Previous Hacking and Vulnerabilities with Ring Devices
A discovery made last year by Bitdefender security researchers uncovered a critical vulnerability with Amazon-owned Ring DIY camera doorbells . Researchers show that WiFi passwords were being sent in clear, unencrypted text for the network the Ring device was connected to, leaving thousands of networks unprotected and open to cybercriminals.
Amazon states that the vulnerability was patched in September, but only publicly disclosed this vulnerability in the first week of November.
Despite this, Ring has experienced ongoing vulnerabilities, with several hacks taking place in December. One such incident woke a customer’s mother-in-law, with voices using vulgarities, calling for her and asking her to respond. After investigating the incident, they found no evidence of a compromise to Ring’s network or system. A Ring spokesperson stated, “We were made aware of an incident where malicious actors obtained some Ring users’ account credentials (e.g., user name and password) from a separate, external, non-Ring service and reused them to log in to some Ring accounts.”
Amazon’s Attempts to Remedy
In a letter to lawmakers, Ring disclosed that it has since fired four employees for abusing access to user video data. Ring has ultimately responded to these incidents by sending a mass email to customers, reminding them to enable multi-factor authentication, which verifies identity by sending a code by text, call or email. While this authentication method is required for new accounts, Ring stated in an article with The Verge, “the reason it hasn’t turned on two-factor authentication for all existing users is because that could lock current customers out of their cameras, cameras they may rely on for security.”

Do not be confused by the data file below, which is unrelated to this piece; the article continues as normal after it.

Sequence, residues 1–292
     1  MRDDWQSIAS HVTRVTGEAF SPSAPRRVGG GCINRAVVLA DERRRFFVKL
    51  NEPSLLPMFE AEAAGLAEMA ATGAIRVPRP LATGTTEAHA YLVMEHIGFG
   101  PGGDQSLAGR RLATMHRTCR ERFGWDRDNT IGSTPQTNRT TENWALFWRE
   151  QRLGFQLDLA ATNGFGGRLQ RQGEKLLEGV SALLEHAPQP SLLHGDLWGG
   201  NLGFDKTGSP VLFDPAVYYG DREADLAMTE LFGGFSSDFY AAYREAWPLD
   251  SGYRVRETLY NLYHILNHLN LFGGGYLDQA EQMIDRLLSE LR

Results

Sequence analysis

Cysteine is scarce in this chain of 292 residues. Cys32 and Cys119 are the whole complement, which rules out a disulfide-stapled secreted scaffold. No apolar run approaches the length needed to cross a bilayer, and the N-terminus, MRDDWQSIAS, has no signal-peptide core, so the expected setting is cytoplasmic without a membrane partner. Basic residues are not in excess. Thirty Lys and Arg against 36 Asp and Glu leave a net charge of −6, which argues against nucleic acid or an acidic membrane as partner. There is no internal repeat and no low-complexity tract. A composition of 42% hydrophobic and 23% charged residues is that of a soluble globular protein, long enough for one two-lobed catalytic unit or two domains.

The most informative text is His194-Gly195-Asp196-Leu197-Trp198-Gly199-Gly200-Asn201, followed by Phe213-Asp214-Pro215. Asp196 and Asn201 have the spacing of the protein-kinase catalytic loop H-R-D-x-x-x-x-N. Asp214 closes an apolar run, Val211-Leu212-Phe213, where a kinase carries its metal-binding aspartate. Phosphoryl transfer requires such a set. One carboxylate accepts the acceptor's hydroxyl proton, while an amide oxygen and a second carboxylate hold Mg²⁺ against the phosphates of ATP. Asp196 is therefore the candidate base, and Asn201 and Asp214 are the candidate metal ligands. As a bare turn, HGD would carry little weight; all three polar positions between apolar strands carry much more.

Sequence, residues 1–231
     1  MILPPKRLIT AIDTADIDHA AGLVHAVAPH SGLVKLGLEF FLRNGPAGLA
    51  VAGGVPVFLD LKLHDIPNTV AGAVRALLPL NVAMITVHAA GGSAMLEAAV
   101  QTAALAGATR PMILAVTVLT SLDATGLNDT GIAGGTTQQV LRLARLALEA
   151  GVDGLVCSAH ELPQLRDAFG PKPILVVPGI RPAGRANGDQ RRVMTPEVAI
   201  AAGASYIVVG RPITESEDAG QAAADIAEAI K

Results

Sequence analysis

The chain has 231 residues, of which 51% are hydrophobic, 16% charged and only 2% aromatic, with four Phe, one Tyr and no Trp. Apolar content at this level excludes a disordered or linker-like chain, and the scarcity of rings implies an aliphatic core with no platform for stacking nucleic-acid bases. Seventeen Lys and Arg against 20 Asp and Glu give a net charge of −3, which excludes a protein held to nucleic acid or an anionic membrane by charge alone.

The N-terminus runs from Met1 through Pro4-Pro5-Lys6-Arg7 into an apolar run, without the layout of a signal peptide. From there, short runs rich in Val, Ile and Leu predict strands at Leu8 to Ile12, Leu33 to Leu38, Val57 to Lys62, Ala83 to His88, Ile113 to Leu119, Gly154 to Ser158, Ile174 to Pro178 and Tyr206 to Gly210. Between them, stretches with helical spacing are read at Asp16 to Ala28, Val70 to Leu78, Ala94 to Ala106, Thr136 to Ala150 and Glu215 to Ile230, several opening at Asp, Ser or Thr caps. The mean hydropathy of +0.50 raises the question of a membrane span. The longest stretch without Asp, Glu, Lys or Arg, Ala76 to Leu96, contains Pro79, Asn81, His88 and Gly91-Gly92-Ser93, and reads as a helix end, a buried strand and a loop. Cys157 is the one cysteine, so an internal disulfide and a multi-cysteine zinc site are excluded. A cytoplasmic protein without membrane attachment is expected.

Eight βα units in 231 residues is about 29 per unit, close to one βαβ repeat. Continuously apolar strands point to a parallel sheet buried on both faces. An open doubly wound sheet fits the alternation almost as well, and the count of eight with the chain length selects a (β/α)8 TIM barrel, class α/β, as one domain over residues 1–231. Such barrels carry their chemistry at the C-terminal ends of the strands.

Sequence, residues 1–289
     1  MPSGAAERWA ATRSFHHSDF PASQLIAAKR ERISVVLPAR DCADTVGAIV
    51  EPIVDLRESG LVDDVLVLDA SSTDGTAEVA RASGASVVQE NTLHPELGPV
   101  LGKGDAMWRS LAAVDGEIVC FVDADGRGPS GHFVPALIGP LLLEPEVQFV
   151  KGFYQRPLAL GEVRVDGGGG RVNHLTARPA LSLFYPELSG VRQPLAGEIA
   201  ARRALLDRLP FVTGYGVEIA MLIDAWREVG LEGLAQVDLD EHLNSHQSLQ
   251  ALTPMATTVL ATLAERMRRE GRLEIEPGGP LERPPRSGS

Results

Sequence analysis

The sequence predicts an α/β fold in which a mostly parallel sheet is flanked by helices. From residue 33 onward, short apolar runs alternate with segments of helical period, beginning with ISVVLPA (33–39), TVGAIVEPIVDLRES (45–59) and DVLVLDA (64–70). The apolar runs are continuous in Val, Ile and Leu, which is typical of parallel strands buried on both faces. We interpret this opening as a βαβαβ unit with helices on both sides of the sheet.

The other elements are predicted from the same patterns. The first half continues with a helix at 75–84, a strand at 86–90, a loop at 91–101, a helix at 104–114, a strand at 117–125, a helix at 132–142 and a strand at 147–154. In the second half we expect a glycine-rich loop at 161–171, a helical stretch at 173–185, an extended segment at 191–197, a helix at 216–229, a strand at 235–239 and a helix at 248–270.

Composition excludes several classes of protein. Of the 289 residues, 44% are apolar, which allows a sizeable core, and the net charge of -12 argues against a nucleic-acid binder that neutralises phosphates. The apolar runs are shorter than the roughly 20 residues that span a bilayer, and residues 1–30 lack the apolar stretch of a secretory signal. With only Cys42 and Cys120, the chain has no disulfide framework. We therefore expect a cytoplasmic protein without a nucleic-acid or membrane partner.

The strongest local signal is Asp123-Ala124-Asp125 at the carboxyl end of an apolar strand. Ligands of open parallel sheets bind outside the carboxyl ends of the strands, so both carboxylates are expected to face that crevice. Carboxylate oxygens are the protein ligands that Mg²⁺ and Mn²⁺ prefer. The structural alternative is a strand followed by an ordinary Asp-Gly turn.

These security vulnerabilities come on the heels of previous scrutiny over Ring devices being used by law enforcement. Police have been able to access footage from various Rings devices using a companion app, which allows people to share video clips recorded by their devices publicly. However, they have also asked Ring to share addresses, names and email addresses, something not normally provided.
ASI and Professional Monitoring
Self-monitored DIY devices, like Amazon’s Ring cameras and video doorbells, fall short in many ways compared to professionally monitored systems. ASI partners with a certified Five Diamond monitoring center, providing our customers the best in professional home, business, and video security. All Systems Integrated is serious when it comes to the companies and products we work with. We hold ourselves to a high standard, working with tested products that use the latest encryption methods. Our technicians have years of experience in the IoT industry, ensuring your system is installed properly. Learn more about how we provide safe, professional monitoring on our website, or call our office at (253) 770-5570.